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Politics Heating Up In East Chicago

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Residents in the city of East Chicago, Indiana, will head to the polls in less than a week for mayoral primaries.

Their city of 33,000, just across the state line from Chicago, is a center of industry and rigorous political fights.

This year’s Democratic primary continues that tradition, as East Chicago keeps trying to get out of the shadow of its past.

Chicago Public Radio’s Michael Puente filed this report from our Northwest Indiana Bureau.

The city of East Chicago isn’t known for its beauty. Not with huge steel mills and oil tank farms at almost every turn.

It is known for three things: heavy industry, high school basketball and corrupt politics.

Four years ago, nearly a dozen officials in the city were caught up in a sweeping federal investigation. Some went to prison for misspending millions in taxpayer money in fraudulent street and sidewalk repair work.

Bob Pastrick, the Democratic mayor at the time, wasn’t indicted. But nearly three years ago, he did lose his job to George Pabey, a former police chief and city councilman.

PABEY: “I renewed the promise I made to the people of East Chicago when I first became mayor. The promise to build in even stronger East Chicago.”

That’s Mayor Pabey giving his State of the City address recently. Pabey, the son of Puerto Rican immigrants, promised lots of change: Education improvement, ethics reform and economic development for this city that’s 75 percent minority, more Latino than African American.

PABEY: “In 2006, we attracted over 25 new business in East Chicago. Mittel Steel has invested more than $10 million in our city their research and development center.)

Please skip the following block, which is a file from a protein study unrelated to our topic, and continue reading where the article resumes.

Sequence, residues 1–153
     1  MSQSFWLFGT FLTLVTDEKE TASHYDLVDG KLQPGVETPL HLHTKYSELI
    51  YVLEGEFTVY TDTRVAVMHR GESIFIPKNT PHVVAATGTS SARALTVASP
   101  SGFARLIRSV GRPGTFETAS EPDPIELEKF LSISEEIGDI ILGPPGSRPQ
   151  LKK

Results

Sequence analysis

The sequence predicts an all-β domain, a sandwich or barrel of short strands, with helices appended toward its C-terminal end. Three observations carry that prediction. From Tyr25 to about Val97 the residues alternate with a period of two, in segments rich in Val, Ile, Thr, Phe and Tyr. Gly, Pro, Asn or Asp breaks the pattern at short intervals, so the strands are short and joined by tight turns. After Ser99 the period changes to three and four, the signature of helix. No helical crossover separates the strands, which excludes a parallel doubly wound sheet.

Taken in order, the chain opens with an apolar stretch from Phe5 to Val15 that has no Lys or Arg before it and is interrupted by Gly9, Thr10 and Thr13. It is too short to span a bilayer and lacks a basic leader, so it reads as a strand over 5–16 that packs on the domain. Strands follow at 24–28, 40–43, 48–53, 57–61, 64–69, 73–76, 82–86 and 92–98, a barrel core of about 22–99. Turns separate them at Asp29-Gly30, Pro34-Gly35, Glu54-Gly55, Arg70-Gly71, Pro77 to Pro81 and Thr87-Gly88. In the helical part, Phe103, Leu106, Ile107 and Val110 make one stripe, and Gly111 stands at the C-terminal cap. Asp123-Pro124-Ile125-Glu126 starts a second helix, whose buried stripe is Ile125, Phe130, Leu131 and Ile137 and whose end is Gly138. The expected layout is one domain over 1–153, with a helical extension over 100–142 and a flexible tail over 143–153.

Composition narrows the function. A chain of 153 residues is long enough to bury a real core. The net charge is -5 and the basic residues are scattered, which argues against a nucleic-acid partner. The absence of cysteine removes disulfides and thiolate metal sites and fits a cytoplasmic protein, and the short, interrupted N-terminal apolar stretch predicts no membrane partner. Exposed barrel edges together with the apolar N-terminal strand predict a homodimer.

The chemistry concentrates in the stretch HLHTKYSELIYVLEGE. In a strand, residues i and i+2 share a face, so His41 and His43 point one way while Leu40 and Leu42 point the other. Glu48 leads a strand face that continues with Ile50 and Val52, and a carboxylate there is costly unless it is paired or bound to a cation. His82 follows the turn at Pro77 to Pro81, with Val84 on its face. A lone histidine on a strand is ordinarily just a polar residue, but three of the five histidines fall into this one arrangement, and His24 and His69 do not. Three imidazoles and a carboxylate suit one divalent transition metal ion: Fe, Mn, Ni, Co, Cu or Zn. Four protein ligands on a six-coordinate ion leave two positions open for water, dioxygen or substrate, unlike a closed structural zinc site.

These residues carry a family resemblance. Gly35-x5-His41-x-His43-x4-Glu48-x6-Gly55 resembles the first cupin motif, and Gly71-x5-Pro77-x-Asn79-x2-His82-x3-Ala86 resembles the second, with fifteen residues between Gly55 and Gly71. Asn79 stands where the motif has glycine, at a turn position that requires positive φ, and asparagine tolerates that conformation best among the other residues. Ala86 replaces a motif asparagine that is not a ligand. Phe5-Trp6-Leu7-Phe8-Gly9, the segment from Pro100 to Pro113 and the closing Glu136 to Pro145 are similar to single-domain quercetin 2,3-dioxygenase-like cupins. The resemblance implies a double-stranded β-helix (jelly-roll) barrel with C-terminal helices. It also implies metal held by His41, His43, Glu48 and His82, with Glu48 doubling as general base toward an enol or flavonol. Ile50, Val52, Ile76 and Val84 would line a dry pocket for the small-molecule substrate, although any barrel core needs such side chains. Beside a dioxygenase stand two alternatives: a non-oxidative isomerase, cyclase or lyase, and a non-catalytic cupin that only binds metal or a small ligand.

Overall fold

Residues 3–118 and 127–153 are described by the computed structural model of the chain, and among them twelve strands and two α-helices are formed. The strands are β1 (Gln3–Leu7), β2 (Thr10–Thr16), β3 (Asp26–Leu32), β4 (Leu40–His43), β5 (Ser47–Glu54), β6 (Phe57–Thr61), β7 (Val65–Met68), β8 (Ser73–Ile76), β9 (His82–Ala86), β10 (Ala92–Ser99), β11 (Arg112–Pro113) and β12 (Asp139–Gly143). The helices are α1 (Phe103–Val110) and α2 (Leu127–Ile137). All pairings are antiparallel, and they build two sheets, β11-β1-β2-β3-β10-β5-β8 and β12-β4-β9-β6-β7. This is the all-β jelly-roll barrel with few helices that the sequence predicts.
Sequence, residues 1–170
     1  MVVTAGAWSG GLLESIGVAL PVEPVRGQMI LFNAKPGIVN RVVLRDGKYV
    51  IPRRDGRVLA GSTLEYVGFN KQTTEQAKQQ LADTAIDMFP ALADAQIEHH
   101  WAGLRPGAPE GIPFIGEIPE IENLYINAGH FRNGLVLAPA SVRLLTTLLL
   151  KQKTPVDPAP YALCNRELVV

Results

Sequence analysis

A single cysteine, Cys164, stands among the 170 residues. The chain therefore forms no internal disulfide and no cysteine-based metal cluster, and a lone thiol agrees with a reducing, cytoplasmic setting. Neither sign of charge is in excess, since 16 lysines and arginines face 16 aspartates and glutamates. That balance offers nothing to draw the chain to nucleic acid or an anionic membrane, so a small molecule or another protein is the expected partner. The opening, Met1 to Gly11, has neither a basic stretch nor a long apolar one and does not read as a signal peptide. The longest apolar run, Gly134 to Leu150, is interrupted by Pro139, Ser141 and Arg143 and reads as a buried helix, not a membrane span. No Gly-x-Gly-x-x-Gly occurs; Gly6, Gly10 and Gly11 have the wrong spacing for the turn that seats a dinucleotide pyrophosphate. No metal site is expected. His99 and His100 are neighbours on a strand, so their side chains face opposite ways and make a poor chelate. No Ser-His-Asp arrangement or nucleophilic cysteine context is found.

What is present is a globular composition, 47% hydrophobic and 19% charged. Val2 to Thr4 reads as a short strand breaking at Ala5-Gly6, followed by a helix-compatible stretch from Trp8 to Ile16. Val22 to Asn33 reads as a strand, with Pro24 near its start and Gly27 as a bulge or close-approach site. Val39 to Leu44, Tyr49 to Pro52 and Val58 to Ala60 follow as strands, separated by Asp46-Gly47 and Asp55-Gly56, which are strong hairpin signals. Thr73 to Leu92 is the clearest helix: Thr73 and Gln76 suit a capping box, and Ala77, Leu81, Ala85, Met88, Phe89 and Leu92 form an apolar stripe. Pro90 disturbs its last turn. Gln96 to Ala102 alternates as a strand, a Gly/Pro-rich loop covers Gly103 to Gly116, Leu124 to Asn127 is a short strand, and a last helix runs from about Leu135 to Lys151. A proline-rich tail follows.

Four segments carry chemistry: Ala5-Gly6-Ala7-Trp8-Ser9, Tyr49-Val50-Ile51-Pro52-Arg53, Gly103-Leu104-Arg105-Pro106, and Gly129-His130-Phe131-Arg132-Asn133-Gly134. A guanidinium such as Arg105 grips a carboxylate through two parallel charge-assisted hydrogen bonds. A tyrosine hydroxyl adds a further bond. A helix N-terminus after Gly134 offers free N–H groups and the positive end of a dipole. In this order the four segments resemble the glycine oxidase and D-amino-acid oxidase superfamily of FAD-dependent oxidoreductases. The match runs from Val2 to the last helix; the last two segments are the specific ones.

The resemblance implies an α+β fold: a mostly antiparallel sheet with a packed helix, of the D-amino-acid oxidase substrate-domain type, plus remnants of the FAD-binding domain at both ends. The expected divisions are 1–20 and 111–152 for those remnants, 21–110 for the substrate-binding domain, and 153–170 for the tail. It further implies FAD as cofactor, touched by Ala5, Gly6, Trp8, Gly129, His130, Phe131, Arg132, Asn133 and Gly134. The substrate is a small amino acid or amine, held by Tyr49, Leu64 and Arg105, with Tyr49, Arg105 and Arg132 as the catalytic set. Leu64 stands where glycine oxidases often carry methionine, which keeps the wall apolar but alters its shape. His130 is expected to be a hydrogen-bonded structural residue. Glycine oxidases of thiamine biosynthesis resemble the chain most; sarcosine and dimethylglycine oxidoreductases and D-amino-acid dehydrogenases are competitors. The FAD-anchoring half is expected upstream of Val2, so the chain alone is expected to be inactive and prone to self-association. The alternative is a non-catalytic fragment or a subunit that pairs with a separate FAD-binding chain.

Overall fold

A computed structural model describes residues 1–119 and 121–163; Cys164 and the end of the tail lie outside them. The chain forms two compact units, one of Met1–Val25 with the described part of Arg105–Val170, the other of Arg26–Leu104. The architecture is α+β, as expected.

Pabey faces three challengers in his bid for re-election in next week’s Democratic primary.

There’s a Republican primary, too, but the in these parts, Democrats rule … and have done so for decades. So Tuesday is likely the day residents will elect the person who’ll be their mayor for the next four years.

Despite Mayor Pabey’s pronouncements of success, some people say reform isn’t happening fast enough.

GUZMAN: “They hear us, but they’re not listening.”

That’s resident Antonio Guzman. Guzman says Mayor Pabey’s fallen down on promises to improve education. Standardized tests show East Chicago public school students rank near the bottom in Indiana in achievement.

Guzman says Pabey’s commitment to economic development, isn’t enough.

GUZMAN: “Everybody needs jobs, but they need an education. That’s the main thing.”

Juanita Jones is watching next week’s Democratic primary for another reason. She does credit the mayor with making upgrades to city streets. But she says ever-rising property taxes may doom East Chicago if the city doesn’t do enough to cut back on expenses.

JONES: “With the streets being done, if there’s no people that are going to be here, seems to be for not because the property taxes are getting to the ridiculous side. They say they want to improve it so the citizens of East Chicago can have a better East Chicago but we can’t afford to live here.”